Start learning with our library of video tutorials taught by experts. Get started
Viewers: in countries Watching now:
In this course, photographer, author, and teacher Chris Orwig details the tools every photographer needs to retouch portraits to make them look their best while remaining authentic. The course includes an overview of the retouching process and how to develop a plan for a retouching project.
After exploring techniques to improve the overall photo, Chris shares his techniques for reducing wrinkles, enhancing eyes and other facial features, improving hair, and retouching makeup. The course concludes with a look at retouching skin and reshaping portions of a portrait using transformations, the Warp tool, and the Liquify filter.
Over here on the right we'll make a selection again. Let's use the Marquee tool, because it's just a pretty simple and easy selection tool. Here we'll click and drag over this part of our fireplace. The next step of course is to choose our good old Content-Aware Move tool. Making sure our mode is on Extend, and then we'll click and drag this over to the right, and then let go, what that will allow us to do is to extend this over to that area. Now in doing that one of the things that I noticed is that if we zoom in a little bit on this picture, I notice that the edge that it created here isn't perfect, so I'm going to press Command+Z on a Mac or Ctrl+Z on Windows, and here I'm going to try that again.
I'm just going to click and drag this over a little bit, and if it doesn't work perfectly, well, I can always mask out what I've done. In this case Photoshop had some trouble with this line, so we can fix that. Go to Select and choose Deselect, and then on this layer you can create a mask. So here we'll click on the Add layer mask icon and then we can grab our Brush tool and paint with black. So I'll select the Brush tool, choose black as my foreground color, and then here we'll just paint that original line back in, so that now we've extended this on both sides, we just want to make sure that both of those edges look pretty good.
And then finally, last but not the least I want to crop this image so that my edges are just perfect. You notice there's a little gap and a little handle on that side, so I'll go back to the good old Crop tool. I can select that by clicking on this icon and then I'm just going to either hover over one of my corner points or side points here, and then I can move this around. Once you've created a crop, did you know you can use your arrow keys to kind of nudge that around to get it just perfect? I like to use that technique, just because it allows you to be really precise.
Well, here now that I've extended the canvas, I'm going to then apply this crop. If ever we want to undo that, we always can, all of those pixels are still there, because we turned off that option to Delete the crop pixels. Let's choose the Move tool, so we can evaluate the photograph and then here it is. If we click on this, you can see there is our before, now here is our after. And in this case we use this technique in order to extend the canvas and to simplify the photograph.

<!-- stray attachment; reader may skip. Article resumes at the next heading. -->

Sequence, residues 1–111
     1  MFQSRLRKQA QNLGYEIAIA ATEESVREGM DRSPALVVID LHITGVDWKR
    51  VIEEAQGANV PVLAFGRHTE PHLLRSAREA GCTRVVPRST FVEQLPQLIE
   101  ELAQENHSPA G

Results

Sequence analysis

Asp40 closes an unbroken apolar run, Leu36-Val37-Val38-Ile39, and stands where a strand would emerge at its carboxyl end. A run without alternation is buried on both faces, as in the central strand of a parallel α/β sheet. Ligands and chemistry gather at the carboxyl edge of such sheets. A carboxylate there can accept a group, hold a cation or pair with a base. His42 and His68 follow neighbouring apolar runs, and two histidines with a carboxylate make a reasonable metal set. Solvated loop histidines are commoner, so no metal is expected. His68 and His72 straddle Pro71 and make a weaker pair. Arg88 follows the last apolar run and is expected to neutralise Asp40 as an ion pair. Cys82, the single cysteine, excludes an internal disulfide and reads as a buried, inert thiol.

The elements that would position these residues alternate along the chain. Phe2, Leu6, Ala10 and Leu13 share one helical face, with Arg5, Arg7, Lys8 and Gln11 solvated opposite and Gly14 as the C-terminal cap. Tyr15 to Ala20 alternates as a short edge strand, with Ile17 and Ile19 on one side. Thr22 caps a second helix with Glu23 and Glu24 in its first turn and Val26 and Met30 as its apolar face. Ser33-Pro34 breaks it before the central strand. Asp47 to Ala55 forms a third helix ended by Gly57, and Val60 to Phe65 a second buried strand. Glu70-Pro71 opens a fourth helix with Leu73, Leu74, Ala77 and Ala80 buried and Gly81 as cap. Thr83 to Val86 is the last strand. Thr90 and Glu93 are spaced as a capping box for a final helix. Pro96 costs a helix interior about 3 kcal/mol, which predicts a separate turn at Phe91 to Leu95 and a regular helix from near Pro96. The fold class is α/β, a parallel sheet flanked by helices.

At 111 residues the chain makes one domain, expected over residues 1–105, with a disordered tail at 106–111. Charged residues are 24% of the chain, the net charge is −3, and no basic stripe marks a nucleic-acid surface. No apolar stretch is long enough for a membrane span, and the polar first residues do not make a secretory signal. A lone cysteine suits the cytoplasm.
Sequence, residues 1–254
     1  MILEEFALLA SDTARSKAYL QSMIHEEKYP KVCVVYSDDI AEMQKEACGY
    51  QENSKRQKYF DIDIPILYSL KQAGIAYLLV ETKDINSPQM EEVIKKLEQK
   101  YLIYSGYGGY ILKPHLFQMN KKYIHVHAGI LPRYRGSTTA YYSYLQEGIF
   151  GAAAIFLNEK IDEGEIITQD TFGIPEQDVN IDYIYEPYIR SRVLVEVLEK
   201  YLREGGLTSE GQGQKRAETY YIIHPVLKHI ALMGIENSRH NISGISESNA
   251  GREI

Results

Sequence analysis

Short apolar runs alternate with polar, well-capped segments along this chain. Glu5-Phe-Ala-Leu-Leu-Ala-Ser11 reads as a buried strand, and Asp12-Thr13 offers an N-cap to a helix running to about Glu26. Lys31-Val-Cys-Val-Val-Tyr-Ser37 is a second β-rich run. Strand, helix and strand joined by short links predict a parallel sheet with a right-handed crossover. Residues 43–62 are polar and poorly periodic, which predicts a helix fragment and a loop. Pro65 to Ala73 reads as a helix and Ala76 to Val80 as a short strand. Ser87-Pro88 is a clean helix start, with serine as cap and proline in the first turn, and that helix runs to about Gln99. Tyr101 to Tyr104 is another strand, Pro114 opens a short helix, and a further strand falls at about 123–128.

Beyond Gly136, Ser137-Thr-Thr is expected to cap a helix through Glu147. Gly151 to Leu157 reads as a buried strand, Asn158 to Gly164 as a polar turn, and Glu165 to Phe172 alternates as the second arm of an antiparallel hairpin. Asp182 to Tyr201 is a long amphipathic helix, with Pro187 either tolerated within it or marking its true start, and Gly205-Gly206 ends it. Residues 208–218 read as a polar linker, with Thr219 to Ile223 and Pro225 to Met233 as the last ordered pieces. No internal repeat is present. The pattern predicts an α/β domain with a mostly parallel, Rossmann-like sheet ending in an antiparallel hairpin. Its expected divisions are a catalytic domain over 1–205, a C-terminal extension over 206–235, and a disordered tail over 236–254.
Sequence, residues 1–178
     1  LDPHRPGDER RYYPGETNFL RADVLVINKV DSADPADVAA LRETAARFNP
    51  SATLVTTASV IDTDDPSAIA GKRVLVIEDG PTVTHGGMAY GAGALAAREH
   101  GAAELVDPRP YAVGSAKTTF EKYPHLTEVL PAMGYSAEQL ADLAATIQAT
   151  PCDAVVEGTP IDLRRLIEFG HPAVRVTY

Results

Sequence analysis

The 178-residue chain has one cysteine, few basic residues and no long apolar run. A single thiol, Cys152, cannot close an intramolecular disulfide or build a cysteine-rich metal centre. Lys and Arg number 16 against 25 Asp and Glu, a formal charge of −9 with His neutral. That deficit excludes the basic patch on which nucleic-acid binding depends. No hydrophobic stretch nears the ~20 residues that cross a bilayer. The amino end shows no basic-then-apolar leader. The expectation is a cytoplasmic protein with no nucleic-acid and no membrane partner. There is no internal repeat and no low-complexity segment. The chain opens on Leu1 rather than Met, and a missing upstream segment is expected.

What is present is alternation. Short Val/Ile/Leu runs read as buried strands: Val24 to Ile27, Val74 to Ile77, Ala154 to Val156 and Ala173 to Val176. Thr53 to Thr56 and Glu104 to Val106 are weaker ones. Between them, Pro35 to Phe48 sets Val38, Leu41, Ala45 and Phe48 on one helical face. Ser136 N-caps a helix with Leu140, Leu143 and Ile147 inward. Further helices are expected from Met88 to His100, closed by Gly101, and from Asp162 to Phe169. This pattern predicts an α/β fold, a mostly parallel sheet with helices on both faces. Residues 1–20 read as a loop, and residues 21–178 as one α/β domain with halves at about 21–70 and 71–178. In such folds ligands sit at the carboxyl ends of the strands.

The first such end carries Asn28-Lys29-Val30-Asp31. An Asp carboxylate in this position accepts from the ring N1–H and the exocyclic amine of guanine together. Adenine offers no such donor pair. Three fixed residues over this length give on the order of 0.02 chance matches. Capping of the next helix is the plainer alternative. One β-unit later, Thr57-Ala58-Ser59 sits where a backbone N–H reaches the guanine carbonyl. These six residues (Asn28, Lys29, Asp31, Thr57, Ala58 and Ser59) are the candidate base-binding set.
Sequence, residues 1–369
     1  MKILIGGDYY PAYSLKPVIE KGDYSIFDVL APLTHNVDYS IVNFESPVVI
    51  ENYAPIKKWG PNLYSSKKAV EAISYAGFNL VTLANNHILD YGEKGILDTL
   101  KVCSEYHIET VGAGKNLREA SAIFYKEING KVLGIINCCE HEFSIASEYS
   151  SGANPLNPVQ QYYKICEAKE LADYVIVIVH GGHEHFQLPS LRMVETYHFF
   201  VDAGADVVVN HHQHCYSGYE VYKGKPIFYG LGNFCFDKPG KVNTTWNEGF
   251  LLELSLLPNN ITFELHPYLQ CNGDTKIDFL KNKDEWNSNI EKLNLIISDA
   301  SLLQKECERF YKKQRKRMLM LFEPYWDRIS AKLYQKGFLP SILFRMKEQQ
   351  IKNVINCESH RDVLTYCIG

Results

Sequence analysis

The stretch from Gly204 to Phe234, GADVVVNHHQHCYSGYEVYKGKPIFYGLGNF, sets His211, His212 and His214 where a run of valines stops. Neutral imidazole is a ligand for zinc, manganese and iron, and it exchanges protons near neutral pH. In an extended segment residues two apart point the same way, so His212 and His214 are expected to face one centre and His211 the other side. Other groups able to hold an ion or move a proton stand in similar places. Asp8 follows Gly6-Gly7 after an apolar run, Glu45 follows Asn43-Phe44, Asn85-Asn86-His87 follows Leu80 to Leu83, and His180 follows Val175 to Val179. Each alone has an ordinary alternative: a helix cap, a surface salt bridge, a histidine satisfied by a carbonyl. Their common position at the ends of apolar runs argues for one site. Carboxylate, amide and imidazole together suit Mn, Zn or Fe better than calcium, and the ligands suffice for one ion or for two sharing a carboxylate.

And it's almost done; we've done a great job at extending things. The last thing that I want to do is I want to bring over a little bit of this area to the other side of the picture. I don't like how the gap between the subject and the curtain on the fireplace is different on this side. So rather than using Extend, we're going to do something which is actually pretty simple. Here we'll click on the Marquee tool one more time, we'll select this area of our photograph and we'll just make a nice selection there, and we'll click in the layer that has this selection.
Next, press Command+J on a Mac or Ctrl+J on windows. Essentially what we've done is we've copied this up to a new layer. Next then we're going to go ahead and move this to the other side of our frame, so here we can go ahead and click and drag this over here to the side of our image, and then we can flip this around, and you can flip this by pressing Command+T on a Mac or Ctrl+T on Windows, then you can right-click or Ctrl+Click, here we'll choose Flip Horizontal.
Now that we've done that, you can press Enter or Return and what we'll see is that this will then come into this area of our photograph, so that we then have this edge here. Well, after having brought that over so that these gaps are a little bit more close, I just need to mask off the top, as we did before. So we'll click on the Add Layer Mask icon, grab our Brush tool and then finally paint with black over the top of this part of the image, and also, perhaps a little bit along this edge just to kind of smooth out that edge there a little bit.
All right, well now that we've done that, I think the image has a little bit of a nicer symmetry to it. And we've accomplished this, we've reduced and simplified by using these handful of different techniques. By combining these techniques together, we've created a poignant and interesting portrait. All right, well let's take a look at that before and after, here it is our before and then now our after.
There are currently no FAQs about Photoshop for Photographers: Portrait Retouching.
Access exercise files from a button right under the course name.
Search within course videos and transcripts, and jump right to the results.
Remove icons showing you already watched videos if you want to start over.
Make the video wide, narrow, full-screen, or pop the player out of the page into its own window.
Click on text in the transcript to jump to that spot in the video. As the video plays, the relevant spot in the transcript will be highlighted.